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Society tends to assume that people who get to bed early and wake up at the crack of dawn lead more productive lives, but that's not necessarily true. Some of us thrive in the late-night hours, but get just as much done as our early-rising counterparts – just during a different part of the day. Even so, the working world isn't friendly to late-risers, and night owls with day jobs often struggle with productivity and creating a workable sleep schedule.
Still, it's possible for those who don't rise early to get the worm anyway. Here's how.
1. Make a Cheat Sheet
As suggested by workplace expert Anita Bruzzese in FastCompany.com, daytime workers with nocturnal tendencies might benefit from making up a work cheat sheet the day before. If you naturally wake up late, your brain is probably still fuzzy by that 9 a.m. roll call at work, hindering your productivity. Do yourself a favor by taking a few minutes at the end of each workday to create a to-do list for the following morning. Include as many details as possible in your cheat sheet: where you left off on all your current projects, people you still need to call or email, tasks you have to complete and your deadlines for completing them. This morning map will help guide you through the first few working hours, even while your mind remains in a haze.
2. Set Ground Rules
Your body might not care how late it sleeps, but your career does. Try to moderate your late-rising habits, even on the weekends, to make your work schedule more doable and keep your biological clock in check. According to LifeHacker, sleeping into the afternoon can put a dent in your circadian rhythm, throwing away daylight hours and making it harder to get to sleep at a reasonable time on coming weeknights. Set a cut-off time for your sleeping hours in the morning, and for your waking hours at night, as well. It might seem difficult to wind down after a productive night, but keeping regularly late work hours can throw off your schedule, especially if you have to be at work in the morning. When you hit your cut-off time at night, do something relaxing, like reading or listening to calming music, to help ease you into sleep.
3. Take Power Naps
Naps might seem counter-intuitive, but according to Startup Mindset, they can actually be your best friend. Night owls tend to feel a drop of energy in the afternoon, especially if they have to get up early. If you find yourself hitting a wall of exhaustion and lethargy in the afternoon hours, consider recharging with a short power nap, something like 20 minutes. If you're in an office in the afternoon, never fear – there are ways to slip in a power nap to help boost your afternoon productivity, without taking heat for it. Inc. suggests parking in a secluded spot each morning and taking your workday nap in your car. You might also be able to sneak a nap under your desk, in a conference room or even at home on your lunch break.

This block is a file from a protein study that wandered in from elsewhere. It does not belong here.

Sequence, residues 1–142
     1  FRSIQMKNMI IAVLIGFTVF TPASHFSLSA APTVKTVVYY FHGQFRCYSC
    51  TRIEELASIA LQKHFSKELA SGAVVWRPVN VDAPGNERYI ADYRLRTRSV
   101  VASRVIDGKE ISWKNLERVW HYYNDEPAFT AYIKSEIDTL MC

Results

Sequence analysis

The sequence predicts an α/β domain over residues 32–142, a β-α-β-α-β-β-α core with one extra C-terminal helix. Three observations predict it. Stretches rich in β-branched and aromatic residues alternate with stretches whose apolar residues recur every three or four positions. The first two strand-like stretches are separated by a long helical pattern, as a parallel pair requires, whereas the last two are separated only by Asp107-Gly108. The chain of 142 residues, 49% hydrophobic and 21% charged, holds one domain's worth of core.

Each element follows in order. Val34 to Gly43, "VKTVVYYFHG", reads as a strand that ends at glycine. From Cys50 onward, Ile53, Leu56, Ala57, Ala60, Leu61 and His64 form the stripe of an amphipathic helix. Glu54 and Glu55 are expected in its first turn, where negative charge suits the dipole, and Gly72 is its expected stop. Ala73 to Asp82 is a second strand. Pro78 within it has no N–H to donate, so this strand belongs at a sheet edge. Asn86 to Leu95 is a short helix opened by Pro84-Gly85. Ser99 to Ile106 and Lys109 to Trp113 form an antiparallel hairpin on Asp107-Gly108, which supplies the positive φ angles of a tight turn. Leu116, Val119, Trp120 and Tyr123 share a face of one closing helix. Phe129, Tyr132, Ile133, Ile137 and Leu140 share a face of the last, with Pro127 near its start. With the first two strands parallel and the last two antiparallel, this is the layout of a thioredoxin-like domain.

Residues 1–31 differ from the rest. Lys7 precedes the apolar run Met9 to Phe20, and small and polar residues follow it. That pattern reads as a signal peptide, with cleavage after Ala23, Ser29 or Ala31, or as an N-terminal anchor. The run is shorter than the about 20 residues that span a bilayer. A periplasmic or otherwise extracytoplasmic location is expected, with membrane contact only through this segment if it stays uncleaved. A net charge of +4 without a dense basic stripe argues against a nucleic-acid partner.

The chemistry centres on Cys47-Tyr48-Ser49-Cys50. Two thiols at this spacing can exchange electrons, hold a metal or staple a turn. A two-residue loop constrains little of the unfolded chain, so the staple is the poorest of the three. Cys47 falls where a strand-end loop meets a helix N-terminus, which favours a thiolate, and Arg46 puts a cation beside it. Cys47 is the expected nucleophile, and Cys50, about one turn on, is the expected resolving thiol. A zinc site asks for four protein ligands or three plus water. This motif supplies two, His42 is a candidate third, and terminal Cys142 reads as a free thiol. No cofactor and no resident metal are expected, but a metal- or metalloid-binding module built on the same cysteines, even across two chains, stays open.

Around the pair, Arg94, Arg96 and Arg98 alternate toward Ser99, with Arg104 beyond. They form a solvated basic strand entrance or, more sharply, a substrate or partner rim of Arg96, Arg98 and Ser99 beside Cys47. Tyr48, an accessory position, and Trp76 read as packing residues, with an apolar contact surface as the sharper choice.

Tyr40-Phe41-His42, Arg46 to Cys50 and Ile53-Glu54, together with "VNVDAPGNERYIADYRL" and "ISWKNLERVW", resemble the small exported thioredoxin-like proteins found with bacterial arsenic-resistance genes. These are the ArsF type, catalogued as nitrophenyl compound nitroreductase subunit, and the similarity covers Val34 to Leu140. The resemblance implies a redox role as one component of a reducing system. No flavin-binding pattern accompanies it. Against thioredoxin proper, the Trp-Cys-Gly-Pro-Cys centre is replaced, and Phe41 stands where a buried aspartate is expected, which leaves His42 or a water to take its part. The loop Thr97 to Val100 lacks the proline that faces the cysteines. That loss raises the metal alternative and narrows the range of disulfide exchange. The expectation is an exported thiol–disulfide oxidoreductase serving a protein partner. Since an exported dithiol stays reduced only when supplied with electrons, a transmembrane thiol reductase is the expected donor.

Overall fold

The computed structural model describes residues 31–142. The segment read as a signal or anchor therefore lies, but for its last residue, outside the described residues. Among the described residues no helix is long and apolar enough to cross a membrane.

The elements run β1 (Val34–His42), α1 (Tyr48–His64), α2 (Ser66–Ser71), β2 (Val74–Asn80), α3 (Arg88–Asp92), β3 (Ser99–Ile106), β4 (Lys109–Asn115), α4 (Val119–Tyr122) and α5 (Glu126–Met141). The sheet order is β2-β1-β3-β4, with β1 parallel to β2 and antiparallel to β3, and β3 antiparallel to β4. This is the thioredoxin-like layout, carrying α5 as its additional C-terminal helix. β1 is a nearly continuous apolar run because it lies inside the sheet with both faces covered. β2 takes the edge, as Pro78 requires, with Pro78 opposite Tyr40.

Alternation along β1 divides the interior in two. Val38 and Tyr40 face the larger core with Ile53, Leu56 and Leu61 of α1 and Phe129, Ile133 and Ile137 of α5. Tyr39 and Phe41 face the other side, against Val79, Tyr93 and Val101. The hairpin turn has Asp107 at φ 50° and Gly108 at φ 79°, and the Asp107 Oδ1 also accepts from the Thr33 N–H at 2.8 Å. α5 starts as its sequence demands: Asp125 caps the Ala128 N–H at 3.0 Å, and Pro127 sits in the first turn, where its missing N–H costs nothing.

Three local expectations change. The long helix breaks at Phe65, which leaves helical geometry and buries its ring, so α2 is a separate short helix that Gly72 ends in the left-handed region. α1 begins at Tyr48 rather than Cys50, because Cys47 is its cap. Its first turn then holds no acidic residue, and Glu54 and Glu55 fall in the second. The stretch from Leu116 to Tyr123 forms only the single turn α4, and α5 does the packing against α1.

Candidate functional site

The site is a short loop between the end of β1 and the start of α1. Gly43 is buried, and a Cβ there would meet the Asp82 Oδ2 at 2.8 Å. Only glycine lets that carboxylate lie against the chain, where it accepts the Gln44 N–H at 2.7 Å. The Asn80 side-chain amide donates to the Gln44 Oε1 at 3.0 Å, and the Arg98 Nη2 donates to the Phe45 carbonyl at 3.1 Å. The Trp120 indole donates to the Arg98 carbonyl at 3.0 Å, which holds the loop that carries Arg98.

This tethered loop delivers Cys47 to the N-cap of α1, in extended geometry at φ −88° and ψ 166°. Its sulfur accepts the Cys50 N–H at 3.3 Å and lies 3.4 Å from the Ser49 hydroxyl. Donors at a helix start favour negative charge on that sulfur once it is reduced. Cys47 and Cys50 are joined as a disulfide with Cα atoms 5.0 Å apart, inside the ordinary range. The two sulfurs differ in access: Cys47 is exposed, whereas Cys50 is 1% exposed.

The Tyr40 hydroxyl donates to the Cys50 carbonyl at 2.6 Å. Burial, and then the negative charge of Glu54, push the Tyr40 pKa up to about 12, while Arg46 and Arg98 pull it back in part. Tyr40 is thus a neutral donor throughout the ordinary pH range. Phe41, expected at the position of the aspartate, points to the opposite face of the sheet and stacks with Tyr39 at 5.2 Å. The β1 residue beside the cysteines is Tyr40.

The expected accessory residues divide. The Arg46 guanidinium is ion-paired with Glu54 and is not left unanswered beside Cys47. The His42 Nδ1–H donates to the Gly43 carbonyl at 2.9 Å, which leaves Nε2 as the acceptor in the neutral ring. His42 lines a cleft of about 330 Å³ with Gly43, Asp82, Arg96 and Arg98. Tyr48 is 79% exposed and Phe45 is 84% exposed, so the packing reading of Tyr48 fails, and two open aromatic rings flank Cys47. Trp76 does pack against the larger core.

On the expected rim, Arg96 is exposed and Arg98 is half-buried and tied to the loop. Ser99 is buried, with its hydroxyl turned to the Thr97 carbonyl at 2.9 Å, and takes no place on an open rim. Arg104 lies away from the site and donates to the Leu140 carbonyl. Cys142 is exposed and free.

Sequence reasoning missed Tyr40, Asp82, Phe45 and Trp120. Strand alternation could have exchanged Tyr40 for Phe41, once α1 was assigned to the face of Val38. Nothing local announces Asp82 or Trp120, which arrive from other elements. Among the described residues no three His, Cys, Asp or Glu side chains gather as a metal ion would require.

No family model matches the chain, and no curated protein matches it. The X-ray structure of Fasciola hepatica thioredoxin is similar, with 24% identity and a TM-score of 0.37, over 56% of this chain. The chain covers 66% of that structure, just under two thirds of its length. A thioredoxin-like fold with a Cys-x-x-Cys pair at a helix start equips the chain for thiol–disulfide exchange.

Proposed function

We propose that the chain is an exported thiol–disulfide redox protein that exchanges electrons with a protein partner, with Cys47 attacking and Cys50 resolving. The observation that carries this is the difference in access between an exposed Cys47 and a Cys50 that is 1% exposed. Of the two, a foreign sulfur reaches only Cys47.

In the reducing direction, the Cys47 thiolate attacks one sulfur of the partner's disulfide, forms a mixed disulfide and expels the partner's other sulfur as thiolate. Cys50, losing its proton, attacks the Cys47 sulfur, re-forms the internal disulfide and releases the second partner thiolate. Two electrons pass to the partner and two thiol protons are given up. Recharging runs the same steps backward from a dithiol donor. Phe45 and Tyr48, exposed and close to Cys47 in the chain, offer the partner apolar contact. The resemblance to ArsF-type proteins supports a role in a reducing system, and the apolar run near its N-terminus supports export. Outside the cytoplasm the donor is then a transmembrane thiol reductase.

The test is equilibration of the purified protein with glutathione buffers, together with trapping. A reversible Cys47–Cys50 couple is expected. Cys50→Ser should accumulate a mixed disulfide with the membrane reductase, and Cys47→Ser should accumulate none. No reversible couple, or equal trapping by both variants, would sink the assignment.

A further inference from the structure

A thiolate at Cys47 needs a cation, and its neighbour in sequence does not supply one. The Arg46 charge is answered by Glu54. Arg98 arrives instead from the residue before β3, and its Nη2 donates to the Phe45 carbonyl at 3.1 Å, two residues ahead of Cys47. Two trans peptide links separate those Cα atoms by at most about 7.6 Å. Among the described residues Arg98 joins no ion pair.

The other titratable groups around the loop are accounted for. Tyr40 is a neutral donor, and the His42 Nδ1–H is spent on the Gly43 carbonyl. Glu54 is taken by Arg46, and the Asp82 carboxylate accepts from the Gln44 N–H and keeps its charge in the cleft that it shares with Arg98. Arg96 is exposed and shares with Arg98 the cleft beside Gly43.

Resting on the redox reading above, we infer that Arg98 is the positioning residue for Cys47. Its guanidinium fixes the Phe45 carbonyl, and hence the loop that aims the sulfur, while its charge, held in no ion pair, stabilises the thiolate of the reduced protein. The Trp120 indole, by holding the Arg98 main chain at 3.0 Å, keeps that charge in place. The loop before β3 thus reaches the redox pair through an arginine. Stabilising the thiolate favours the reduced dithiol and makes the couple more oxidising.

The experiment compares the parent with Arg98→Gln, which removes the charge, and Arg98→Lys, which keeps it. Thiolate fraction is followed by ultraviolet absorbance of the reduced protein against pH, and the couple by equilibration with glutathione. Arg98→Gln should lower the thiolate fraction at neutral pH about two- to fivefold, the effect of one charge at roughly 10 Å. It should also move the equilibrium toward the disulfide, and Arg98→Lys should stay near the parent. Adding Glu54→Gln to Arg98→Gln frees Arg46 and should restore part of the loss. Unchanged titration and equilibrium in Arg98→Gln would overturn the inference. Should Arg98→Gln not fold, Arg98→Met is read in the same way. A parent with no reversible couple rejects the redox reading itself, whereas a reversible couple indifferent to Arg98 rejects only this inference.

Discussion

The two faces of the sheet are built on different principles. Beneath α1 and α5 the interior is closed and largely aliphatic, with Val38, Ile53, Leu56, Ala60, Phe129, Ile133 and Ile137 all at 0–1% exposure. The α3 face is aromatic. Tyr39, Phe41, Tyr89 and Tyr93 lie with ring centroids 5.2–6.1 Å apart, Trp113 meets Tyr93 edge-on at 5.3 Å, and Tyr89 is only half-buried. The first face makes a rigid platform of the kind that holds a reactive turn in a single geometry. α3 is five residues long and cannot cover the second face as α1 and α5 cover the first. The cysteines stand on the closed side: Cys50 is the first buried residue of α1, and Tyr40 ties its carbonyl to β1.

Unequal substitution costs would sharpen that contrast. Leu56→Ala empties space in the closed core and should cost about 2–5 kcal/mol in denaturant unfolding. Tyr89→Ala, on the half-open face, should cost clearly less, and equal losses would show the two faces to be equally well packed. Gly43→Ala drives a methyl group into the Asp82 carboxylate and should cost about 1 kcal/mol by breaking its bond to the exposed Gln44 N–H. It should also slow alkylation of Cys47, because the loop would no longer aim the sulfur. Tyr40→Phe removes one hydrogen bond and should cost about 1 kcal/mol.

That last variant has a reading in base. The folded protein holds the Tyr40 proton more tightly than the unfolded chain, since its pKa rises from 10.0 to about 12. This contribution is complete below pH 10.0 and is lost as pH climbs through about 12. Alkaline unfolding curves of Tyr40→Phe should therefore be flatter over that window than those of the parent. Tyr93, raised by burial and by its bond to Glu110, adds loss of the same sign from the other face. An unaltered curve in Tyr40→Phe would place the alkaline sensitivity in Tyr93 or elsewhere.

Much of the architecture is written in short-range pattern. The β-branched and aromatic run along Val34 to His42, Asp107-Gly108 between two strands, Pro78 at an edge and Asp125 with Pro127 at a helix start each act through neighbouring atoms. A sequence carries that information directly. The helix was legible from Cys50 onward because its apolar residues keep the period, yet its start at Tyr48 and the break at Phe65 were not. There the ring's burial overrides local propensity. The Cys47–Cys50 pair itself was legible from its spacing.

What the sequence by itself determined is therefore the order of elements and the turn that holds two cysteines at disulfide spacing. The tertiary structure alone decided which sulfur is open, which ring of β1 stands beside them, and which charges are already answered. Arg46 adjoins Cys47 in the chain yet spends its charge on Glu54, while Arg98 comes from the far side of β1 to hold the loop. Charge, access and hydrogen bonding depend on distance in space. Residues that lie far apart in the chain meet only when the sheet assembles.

4. Expedite Your Morning Routine
Everyone should keep a morning routine in place – even notorious late-risers. However, if you prefer to sleep in, you'll want to streamline your routine to keep it snappy and efficient. Prepare for your morning each night with the following steps:
- Make and pack your breakfast and lunch
- Lay out your clothes
- Gather whatever you need for work (laptop, briefcase, etc.)
Completing these tasks can shave a solid hour off your morning routine, while still allowing you time to eat breakfast and dress well in the mornings, and show up to work with your lunch and all the materials you need. You'll look just like your coworkers who popped out of bed at 6 a.m. No one has to know.
5. Make Friends With Your Coffee Maker
"I can't do anything before I've had my coffee." It's a cliche. But cliches are cliche for a reason: They're usually true. And for night owls, the coffee dependency cliche is especially valid. Take up a morning cup (or two) of coffee (or caffeinated tea) to help keep you alert and aware, even in those typically hazy morning hours. Give yourself a cut-off time for caffeine intake, however, to keep your newfound habit from affecting your sleep routine. It's not a perfect solution, but it's an effective one – plus, haven't you always wanted to say that you can't do anything before you've had your coffee?
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Brenna Swanston is a freelance writer, editor and journalist. She previously reported for the Sun newspaper in Santa Maria, California, and she holds a bachelor's in journalism from California Polytechnic State University.